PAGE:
“THE remarkable juxtaposition of American heartland, Midwest values and a whole lot of foreign accents” is what makes Midland, Michigan, a beacon of hope for the country’s manufacturing sector, reckons Andrew Liveris. His is one of those accents, though he no longer sounds crocodile-wrestlingly Australian. The boss of Dow Chemical has lived on and off for years in the company town that grew up around the brine wells that Herbert Dow first tapped in 1897 for his pioneering electrolysis process. The chemical firm still employs 5,500 of the town’s 42,000 inhabitants. (The second-biggest employer is Dow Corning, a silicone-making joint venture.) Dow’s success has delivered the nice homes, good schools and ball parks that make up the American Dream.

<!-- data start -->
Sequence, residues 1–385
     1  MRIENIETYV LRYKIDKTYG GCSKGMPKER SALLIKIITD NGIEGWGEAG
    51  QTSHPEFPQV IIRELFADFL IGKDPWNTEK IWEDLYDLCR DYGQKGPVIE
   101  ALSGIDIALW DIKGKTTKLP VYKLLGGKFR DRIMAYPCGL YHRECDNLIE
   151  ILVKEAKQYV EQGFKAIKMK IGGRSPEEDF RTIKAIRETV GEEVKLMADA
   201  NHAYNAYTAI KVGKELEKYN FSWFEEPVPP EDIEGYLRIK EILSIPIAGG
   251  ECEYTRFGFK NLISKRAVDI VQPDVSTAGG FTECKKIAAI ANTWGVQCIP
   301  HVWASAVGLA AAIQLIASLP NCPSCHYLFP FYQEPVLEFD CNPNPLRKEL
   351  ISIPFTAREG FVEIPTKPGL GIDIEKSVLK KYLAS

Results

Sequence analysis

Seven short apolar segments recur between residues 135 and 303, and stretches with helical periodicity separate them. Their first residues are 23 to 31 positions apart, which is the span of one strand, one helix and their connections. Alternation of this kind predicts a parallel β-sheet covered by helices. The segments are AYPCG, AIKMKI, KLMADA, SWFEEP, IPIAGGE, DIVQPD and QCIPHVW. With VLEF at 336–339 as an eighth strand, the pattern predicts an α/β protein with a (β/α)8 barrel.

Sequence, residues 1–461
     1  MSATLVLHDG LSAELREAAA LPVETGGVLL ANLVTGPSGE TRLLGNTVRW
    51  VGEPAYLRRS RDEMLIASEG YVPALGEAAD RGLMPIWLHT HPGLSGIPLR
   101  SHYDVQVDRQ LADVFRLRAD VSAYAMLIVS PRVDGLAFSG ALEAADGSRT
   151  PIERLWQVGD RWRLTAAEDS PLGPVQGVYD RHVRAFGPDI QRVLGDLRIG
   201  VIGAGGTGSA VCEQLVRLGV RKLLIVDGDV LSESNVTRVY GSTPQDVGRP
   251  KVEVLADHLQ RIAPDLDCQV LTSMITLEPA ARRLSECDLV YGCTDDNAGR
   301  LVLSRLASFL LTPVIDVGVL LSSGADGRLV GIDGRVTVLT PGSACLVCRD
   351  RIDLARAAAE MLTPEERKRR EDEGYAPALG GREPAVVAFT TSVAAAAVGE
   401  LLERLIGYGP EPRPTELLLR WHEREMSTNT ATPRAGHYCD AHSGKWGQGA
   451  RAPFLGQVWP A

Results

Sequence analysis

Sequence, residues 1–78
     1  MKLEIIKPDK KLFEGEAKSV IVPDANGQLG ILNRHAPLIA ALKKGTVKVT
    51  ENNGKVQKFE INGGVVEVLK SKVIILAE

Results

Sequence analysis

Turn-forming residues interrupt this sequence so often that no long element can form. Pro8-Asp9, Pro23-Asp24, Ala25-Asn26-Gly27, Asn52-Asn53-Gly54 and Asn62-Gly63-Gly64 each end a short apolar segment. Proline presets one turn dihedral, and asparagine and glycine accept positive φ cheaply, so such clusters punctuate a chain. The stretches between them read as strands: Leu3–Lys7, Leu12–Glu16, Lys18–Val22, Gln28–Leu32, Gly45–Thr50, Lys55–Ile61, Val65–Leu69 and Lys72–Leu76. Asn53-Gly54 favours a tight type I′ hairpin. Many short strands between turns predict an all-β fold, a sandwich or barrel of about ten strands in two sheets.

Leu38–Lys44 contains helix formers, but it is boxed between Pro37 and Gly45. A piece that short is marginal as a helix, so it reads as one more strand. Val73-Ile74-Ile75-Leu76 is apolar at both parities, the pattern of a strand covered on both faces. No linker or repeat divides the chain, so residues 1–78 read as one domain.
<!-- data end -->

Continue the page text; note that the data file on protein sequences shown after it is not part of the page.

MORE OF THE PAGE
Like many immigrants, Mr Liveris shares that dream. But he now fears it is under threat. He has become one of the leading voices calling on the American government to embrace industrial policy. Last July Dow launched a plan to revive American manufacturing, which Mr Liveris then expanded into a book, “Make It In America”. On June 24th President Barack Obama appointed him co-chair of a new “Advanced Manufacturing Partnership” that brings together government, academia and business to “build a roadmap” for a more competitive manufacturing sector.